The Recipes

If you want to throw a real Argentine belly busting asado, this section contains recipes I’ve collected, modified and/or created.  One thing is certain, they’ve all been vetted by the real thing – My in-laws.  If it doesn’t pass them, it doesn’t make it here.   Below is an overview of the sort of things that you’ll find in a classic asado.  The recipes are included on their individual pages.  I’ve also included a primer on the Argentine grill and how to manage the fire – a bit different than what you might be used to.

Trying out for my new job as Asador in the pit at La Tranquera in Buenos Aires.


Sauces are generally served alongside the star of the Asado – The Meat.  There aren’t a lot of them but they do vary from place to place.  The basics are here.  Chimichurri will be your “go to” sauce for just about everything, with Salsa Criolla showing up a close second.

Chimichurri spooned onto a bit of Chivito during an Asado.

Chimichurri comes in both the red and green variety, while Salsa Criolla is a “salsa cruda” similar to what we have here in the states.  One thing to note – in general, Portenos (folks from Buenos Aires) don’t like spicy, picante hot or whatever you label it.  So you won’t find any blistering sauces on the menu.  I’ve added my own touches for my palate – so if you see peppers or hot stuff, it came from me.

The Meats

When an Argentine throws an Asado, everybody gathers around the grill in the Quincho and takes hot tidbits as they are done.  It’s the Asadors job to make sure that each morsel is timed so that it’s cooked when he wants it to be served.  The meats in a classic asado consist primarily of beef but can also include Chivito (spring goat), Cordero (lamb), and Achurras – or variety meats.  Some folks in the states may turn up their nose at the idea of intestines, blood sausage, sweetbreads, kidney and even udders – but these tender melt-in-your mouth textures are not to be missed.

The cuts of beef you’ll likely see here are tirra de asado (short ribs), entrana (a massive cut similar to a tri tip), Aracherra (skirt steak) and Bife de Chorizo (rib eye steaks).  Of course, they don’t pick just one cut, but several of each.

These are usually seasoned simply with salt, pepper and oregano before putting them on the grill.  See the specific recipes I’ve included for different types and how to grill them.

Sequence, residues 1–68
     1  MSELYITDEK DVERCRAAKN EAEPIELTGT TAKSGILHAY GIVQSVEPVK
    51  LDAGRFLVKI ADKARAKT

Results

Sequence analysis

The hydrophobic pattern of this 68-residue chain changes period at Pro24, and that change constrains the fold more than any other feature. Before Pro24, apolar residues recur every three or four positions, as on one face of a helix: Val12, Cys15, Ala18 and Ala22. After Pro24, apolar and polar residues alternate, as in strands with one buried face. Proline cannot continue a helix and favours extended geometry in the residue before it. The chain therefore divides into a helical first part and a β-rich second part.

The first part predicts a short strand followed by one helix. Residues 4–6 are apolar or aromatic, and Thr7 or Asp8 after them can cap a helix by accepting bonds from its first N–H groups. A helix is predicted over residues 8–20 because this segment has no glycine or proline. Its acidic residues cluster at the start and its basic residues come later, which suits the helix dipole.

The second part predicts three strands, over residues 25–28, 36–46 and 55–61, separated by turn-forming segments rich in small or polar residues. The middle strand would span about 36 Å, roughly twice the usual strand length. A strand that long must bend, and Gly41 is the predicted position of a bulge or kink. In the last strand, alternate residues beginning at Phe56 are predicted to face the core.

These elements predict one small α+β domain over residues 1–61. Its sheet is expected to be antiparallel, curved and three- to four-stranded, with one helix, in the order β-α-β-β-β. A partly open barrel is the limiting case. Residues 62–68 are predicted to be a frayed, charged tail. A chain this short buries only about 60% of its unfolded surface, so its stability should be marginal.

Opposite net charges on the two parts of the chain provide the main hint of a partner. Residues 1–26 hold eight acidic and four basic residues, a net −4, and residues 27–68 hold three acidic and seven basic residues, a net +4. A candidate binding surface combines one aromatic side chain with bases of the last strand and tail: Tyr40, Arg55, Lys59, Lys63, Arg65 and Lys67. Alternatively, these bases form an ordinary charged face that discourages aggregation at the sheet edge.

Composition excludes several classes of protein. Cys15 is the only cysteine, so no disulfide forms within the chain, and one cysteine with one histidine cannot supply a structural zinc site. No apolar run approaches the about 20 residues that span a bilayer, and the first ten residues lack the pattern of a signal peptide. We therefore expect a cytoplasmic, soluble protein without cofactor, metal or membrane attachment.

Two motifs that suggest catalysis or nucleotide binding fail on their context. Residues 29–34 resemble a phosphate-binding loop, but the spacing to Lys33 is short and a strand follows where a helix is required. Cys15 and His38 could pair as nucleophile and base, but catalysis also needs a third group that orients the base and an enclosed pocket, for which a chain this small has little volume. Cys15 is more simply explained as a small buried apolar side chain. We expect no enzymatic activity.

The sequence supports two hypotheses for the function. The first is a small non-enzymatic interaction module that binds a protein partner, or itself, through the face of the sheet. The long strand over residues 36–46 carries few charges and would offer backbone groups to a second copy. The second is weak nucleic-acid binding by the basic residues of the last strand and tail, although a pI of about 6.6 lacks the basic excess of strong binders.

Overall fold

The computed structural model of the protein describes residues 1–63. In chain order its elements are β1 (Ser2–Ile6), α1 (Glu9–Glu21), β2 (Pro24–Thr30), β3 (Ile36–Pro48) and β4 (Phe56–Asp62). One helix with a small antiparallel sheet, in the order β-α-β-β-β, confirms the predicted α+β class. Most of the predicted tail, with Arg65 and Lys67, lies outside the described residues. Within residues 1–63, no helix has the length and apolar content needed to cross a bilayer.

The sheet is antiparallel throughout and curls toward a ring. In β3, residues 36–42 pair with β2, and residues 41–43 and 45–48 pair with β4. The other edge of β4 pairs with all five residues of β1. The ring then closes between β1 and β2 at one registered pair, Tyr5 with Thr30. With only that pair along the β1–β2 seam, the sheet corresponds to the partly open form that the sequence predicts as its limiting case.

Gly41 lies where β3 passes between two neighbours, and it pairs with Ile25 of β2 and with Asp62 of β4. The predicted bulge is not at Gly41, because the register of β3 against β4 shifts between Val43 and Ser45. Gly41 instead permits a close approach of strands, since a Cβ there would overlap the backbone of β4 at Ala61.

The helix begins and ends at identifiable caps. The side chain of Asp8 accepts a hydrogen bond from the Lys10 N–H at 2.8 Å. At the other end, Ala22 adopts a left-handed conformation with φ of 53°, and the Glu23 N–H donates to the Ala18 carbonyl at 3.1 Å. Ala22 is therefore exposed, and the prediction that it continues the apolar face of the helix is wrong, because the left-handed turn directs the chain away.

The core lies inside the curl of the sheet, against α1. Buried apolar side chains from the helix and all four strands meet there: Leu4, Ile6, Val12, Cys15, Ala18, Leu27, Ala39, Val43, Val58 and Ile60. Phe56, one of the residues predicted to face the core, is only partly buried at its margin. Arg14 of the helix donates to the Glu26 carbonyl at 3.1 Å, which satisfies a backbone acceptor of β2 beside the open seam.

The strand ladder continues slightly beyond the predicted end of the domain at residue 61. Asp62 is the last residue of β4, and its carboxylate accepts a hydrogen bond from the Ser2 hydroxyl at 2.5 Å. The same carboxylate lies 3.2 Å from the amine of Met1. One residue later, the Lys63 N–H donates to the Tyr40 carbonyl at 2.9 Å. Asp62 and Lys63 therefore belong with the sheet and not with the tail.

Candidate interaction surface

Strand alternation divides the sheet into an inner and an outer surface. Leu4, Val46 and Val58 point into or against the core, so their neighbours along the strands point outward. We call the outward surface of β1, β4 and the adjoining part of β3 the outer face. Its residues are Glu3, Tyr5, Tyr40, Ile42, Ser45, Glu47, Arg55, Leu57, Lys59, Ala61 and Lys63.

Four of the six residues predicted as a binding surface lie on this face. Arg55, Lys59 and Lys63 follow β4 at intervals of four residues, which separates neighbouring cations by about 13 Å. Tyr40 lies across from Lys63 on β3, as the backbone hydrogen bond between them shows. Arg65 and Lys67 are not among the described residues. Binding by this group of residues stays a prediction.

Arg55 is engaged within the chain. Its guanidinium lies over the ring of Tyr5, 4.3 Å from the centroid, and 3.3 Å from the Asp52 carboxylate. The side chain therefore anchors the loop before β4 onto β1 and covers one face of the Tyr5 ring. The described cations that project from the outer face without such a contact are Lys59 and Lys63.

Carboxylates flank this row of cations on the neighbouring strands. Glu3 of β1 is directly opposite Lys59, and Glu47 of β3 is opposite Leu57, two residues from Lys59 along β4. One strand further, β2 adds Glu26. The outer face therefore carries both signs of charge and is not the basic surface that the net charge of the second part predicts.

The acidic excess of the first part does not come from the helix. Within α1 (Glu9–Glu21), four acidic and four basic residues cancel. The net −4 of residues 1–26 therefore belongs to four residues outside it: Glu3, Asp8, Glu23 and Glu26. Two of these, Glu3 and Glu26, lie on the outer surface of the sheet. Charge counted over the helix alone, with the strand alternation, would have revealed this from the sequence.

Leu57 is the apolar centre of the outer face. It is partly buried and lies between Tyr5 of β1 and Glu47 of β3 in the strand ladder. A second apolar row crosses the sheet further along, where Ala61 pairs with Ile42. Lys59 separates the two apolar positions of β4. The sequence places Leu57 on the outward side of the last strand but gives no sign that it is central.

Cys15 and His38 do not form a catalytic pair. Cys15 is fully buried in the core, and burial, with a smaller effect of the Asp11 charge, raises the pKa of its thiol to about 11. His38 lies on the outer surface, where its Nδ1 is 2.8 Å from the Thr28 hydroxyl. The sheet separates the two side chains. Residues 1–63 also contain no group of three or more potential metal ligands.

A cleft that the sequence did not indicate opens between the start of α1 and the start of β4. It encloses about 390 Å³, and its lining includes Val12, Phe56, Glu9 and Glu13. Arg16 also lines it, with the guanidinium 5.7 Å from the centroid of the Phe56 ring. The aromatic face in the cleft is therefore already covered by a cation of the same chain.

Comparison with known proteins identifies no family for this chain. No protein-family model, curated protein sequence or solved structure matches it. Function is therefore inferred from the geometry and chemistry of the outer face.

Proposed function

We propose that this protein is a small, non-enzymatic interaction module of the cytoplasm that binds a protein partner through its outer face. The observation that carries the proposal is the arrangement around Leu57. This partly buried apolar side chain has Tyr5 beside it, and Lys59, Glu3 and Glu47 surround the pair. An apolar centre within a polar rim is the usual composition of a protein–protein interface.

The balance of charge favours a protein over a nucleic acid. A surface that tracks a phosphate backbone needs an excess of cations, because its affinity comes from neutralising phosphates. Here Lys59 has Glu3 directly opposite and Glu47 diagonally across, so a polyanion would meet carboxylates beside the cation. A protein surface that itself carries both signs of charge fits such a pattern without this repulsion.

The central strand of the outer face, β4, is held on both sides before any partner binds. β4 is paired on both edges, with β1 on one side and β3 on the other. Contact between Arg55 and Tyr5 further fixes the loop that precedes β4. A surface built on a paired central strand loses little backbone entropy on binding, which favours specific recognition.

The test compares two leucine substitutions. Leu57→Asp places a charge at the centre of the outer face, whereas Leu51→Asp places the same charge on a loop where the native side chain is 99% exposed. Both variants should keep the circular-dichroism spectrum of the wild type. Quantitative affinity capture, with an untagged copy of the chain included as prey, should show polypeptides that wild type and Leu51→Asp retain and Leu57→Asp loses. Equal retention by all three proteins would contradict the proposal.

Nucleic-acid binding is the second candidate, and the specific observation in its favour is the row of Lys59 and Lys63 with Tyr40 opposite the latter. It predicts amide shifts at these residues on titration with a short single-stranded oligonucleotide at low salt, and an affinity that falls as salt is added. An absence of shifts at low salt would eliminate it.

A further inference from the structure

The Drinks

For your authentic Asado, make sure you have plenty of Malbec wine and Quilmes beer on hand.  Aside from that the world is your oyster – soft drinks and fruit juices for the kids.  Keep it simple here.  This is the rule for most of your items at the Asado.  You want to be able to enjoy it as much as your guests.

The Fire

I would be remiss without a recipe for lighting a proper fire over which to cook your asado.  The Argentinians do this a bit differently than you might expect.  The wood (usually a type of oak from what I could gather) is stacked on a grate – like a fireplace grate (see below) and it’s burned here.  The way I light these over in the Quincho project is with a gas starter to speed things up a bit.  The masters in Argentina tell me that you should be able to light your fire with a single match.  Yeah, right.  Anyhow, as the coals fall through the grate, they are scooped up with a flat shovel and arranged under the BBQ grill – or Parilla.  You can rearrange them however it makes sense once they are there.   This is a constant process, and a little difficult to explain for someone like me who doesn’t write as well as he grills.  Perhaps the pictures will explain it better.

The Brasero – The wood is burned here and the coals fall below.  They are transferred under the parrilla with a shovel.

The Grill Or “Parrilla”. Note the Brasero on the left hand side.


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